The RIMDIR Green Mini Grid Electrification Project in Mauritania got a big financial boost earlier this month when the African Development Bank (AfDB) announced it would provide an approximately $15.8 million (EUR 14.4 million) grant to the project.
The funds will be used to construct seven minigrids in the southeast region of Mauritania, which is on the west coast of Africa. The minigrids will electrify 40 local communities and benefit close to 30,000 people.
A minigrid, which is sometimes referred to as a remote microgrid, is typically a faster, cheaper and more reliable way of delivering electricity to remote communities that do not have access to a central grid.
RIMDIR, a French Development Agency and World Bank joint program, is focused on building minigrids to provide sustainable electrification and development in three rural provinces in southeast Mauritania.
The program aims to improve electric reliability, cut energy costs, reduce greenhouse gas emissions and improve the resilience of the local communities, which are largely agricultural. The grant funds will be used for income generating activities, fostering economic growth in the communities.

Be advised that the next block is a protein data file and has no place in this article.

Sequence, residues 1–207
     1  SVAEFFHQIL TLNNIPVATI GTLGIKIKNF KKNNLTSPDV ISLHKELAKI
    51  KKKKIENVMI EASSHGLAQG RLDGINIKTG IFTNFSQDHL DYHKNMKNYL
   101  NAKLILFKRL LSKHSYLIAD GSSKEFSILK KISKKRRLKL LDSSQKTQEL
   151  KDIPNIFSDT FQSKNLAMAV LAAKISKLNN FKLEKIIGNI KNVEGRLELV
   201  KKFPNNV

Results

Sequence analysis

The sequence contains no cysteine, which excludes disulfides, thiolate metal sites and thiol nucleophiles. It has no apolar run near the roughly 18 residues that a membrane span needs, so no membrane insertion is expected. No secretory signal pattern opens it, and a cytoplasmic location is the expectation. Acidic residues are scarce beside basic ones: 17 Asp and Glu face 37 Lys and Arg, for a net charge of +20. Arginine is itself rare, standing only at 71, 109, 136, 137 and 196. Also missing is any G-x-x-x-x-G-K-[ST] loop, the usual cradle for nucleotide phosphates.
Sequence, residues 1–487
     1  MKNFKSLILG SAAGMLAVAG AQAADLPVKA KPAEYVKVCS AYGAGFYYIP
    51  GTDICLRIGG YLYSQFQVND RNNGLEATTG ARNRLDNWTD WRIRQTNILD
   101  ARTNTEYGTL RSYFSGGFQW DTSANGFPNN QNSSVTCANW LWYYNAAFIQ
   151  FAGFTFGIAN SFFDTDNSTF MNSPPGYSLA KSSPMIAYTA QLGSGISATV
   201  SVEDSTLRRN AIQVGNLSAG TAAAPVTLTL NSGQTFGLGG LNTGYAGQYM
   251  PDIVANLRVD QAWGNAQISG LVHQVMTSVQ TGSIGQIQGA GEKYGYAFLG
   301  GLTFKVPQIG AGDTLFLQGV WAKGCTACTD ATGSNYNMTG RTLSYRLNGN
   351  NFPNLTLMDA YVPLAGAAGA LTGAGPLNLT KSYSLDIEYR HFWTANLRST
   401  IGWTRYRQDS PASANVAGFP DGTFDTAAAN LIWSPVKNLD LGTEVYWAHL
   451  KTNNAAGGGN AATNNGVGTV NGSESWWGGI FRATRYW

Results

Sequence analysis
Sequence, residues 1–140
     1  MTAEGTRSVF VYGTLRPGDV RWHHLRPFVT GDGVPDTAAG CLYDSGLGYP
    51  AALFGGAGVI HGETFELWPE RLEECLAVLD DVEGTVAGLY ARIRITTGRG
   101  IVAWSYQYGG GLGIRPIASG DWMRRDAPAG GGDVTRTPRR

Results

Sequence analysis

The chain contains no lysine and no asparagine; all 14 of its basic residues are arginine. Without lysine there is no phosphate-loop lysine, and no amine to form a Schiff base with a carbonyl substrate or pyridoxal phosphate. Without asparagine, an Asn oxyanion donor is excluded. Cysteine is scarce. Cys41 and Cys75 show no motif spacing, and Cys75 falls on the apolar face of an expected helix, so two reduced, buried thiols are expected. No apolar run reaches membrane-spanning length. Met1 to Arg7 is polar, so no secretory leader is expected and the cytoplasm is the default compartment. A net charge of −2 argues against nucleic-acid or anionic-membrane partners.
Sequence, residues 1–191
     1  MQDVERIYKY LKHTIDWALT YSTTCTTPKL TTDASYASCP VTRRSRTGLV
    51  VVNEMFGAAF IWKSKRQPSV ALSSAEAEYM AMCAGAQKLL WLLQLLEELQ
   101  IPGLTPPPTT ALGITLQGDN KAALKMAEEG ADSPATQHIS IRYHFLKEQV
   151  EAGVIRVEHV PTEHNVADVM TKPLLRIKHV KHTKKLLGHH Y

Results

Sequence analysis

As of 2021, just under 48% of Mauritania’s population had access to electricity, according to the Africa Energy Portal – that number falls below 4% for the country’s rural population.
“The project supports our policy of universal access to electricity by 2030 and an energy transition to promote economic growth, particularly in rural areas,” said Nani Ould Chrougha, Mauritania’s Minister of Energy. “The RIMDIR project illustrates the remarkable work of the Desert to Power initiative in our country."
Reliable electricity leads to economic development
The grant’s funding comes from the AfDB’s Sustainable Energy Fund for Africa (SEFA) and is part of the bank’s flagship Desert to Power (DtP) program.
DtP’s goal is to turn the Sahel region of Africa into one of the largest solar production zones in the world by installing 10 GW of capacity by 2030. DtP is expected to deliver electricity access and economic development opportunities to more than 250 million people in 11 countries, including Burkina Faso, Ethiopia, Mauritania, Nigeria and Chad.
“RIMDIR constitutes a concrete step towards implementing the Desert to Power National Roadmap for Mauritania, underscoring SEFA’s role as the primary vehicle for financing Desert to Power projects,” said Daniel Schroth, director of renewable energy and energy efficiency at the African Development Bank.
Minigrid funding continues to flow in Africa
AfDB’s grant for the RIMDIR project is another example of the recent influx of investments in minigrid projects across Africa.
In October, Husk Power announced it had secured more than $100 million in equity and debt financing to expand its solar minigrid operations across sub-Saharan Africa.
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